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Presidents Conference Rejection of J Street Generates a Strong Backlash

Allan C. Brownfeld, Editor
Special Interest Report
August 2014

The Conference of Presidents of Major American Jewish Organizations voted by a wide margin at the end of April to deny membership to J Street, an increasingly influential group which often challenges Israeli government policy, particularly with regard to its occupation of the West Bank.  
J Street was formed six years ago as a counterpoint to the American Israel Public Affairs Committee (AIPAC), which has steadfastly supported Israel’s right-wing government and its reluctance to move toward a two-state solution to the Israeli-Palestinian conflict.  
Jeremy Ben-Ami, the president of J Street, said the vote sent a “terrible message” to those who have concerns over aspects of Israeli policy. “This is what has been wrong with the conversation in the Jewish community,” he said. “People whose views don’t fit in with those running longtime organizations are not welcome, and this is sad proof of that. It sends the worst possible signal to young Jews who want to be connected to the Jewish community, but also want to have freedom of thought and expression.”  
There is every indication that J Street not the Presidents Conference or AIPAC is more representative of American Jewish opinion. A poll conducted last year by the Pew Research Center found that a plurality of American Jews did not believe the Israeli government was making a sincere effort to reach a peace settlement.  
Rabbi Rick Jacobs, president of the Union for Reform Judaism, declared that the rejection of J Street “made clear what many have known, but not said publicly. That the Conference of Presidents is captive of a large number of small organizations that do not represent the diversity of views in our community … the Conference … as currently constituted and governed no longer serves its vital purpose of providing a collective voice for the entire American Jewish pro-Israel community.”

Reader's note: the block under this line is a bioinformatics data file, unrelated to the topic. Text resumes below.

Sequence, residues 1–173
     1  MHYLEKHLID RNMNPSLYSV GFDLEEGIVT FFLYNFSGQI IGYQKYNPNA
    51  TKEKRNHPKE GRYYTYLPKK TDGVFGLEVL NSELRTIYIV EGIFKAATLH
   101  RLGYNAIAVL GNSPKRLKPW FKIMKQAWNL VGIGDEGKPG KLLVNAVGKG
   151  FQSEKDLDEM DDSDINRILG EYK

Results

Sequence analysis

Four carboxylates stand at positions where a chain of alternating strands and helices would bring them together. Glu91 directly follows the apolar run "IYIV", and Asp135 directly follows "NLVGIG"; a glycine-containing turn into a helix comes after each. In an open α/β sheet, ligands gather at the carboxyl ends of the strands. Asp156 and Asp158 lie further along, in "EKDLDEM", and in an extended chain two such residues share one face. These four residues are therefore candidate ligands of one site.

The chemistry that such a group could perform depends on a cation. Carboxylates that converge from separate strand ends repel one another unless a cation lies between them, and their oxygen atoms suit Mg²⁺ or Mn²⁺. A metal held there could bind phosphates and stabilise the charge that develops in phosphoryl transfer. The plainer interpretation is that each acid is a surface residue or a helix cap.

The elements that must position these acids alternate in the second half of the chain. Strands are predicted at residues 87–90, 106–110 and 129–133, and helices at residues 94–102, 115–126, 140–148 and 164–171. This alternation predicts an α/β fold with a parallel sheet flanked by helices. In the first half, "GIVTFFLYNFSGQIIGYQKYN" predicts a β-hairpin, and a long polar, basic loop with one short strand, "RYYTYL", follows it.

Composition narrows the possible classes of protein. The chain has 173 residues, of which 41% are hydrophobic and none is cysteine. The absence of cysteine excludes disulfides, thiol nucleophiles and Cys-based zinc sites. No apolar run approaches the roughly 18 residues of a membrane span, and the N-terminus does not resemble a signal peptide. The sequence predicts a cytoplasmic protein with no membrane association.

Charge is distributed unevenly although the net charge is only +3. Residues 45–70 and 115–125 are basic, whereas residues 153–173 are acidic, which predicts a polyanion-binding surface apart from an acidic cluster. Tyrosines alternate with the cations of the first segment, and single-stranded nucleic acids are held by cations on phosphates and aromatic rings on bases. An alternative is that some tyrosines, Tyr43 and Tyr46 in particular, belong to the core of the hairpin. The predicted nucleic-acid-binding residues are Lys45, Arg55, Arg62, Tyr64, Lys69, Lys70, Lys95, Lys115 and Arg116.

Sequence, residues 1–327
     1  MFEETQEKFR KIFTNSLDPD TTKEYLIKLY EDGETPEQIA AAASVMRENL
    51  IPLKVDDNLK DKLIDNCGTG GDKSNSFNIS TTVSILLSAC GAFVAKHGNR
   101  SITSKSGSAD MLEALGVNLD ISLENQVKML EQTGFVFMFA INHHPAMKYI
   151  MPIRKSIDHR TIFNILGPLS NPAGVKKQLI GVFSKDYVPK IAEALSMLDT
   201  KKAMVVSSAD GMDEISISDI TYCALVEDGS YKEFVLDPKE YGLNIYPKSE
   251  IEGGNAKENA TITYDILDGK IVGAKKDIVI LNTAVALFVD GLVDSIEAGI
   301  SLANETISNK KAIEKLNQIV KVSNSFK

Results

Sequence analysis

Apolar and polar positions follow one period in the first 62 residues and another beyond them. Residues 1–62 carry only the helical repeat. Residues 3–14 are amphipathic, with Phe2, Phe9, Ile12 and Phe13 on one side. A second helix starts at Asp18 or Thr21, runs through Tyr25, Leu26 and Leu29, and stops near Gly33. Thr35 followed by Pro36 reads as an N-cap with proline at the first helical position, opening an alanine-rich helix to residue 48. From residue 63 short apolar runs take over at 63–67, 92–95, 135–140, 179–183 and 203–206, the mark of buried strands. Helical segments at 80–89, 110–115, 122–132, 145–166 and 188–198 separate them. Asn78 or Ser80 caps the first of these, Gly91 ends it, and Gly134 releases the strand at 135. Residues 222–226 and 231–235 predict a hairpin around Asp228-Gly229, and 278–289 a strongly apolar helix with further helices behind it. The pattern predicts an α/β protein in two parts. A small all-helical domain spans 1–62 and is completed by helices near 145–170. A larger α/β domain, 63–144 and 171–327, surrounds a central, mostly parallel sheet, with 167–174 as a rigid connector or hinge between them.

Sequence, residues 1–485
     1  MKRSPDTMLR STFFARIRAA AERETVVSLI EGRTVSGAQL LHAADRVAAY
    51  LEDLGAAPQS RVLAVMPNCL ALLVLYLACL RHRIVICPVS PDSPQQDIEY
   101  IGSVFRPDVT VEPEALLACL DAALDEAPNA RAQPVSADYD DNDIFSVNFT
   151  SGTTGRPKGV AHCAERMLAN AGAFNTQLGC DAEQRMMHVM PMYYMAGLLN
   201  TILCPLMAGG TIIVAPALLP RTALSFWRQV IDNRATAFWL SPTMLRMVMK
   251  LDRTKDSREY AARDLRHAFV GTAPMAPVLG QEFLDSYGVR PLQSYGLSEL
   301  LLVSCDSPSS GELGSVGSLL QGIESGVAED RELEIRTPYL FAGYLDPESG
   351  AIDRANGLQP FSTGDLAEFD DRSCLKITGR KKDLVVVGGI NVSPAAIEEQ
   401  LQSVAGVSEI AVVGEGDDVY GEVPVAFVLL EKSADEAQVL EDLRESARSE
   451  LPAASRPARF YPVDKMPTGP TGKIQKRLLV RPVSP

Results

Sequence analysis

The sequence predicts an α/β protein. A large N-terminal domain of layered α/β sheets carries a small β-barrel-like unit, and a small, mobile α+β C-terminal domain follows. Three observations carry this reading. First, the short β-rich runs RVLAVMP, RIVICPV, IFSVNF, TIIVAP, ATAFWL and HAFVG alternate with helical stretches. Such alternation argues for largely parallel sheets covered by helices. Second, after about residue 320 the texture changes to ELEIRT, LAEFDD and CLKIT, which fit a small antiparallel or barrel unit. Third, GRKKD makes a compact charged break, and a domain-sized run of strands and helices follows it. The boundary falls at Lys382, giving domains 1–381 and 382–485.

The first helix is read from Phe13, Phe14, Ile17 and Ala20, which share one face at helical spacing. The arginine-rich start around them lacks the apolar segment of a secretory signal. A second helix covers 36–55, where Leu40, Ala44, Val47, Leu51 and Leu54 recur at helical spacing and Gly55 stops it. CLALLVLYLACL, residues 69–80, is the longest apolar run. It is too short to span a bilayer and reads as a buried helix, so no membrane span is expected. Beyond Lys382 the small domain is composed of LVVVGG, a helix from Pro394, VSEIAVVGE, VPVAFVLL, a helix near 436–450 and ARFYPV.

Prof. Theodore Sasson of Middlebury College, who is also senior research scientist at the Cohen Center for Modern Jewish Studies at Brandeis University, notes that the vote on J Street came “in the context of broader efforts by right-wing activists and donors to limit who can speak about Israel in Jewish communal settings. Their targets have included federations, Jewish community centers, Hillel organizations and synagogues … A vote against J Street would be widely viewed as evidence that the Jewish establishment has joined in the crackdown on dissent.”  
The realization that there is great diversity in American Jewish opinion is growing. Consider the case of David Rothkopf.  
Rothkopf, the editor of Foreign Policy magazine, grew up in a Zionist family in New Jersey and has been a long-time supporter of Israel. As a student at Columbia University, his roommate was Michael Oren, who later abandoned his U.S. citizenship and became Israel’s ambassador to the U.S. Late in 2013, Rothkopf visited Israel for the first time. In a public exchange of letters with Oren, he expresses the view that as a religious and garrison state, Israel has “passed its sell-by date.”  
Rothkopf writes: “I find the response of Zionism (to modern historical challenges) to be exactly the wrong one … Reflex was my first instinct for supporting Israel. But it is not sustainable if you have a truly Jewish mind — a mind linked to a tradition of ‘struggling’ with even the Highest Power. Ideas and beliefs have to be tested against a reality. Today there are other safe places for Jews in the world, notably America. Today there are other ways for Jews to live and be true to their traditions that don’t involve the harsher realities of a garrison state.”  
Now, Rothkopf declares, “Israel’s needs should not have a greater claim on outcomes … than those of Palestinians … History is the story of the human catastrophe that results when states promote religious ends or use religious criteria to guide their governance … It is exclusionary. It is about finding a way to achieve cultural and ethnic ‘purity.’ It is an idea that should be more anathema to Jews, given our history, than to any other group.”  
AIPAC and the Presidents Conference may claim to represent American Jewish opinion. All of the available evidence, however, points to a far different conclusion. •

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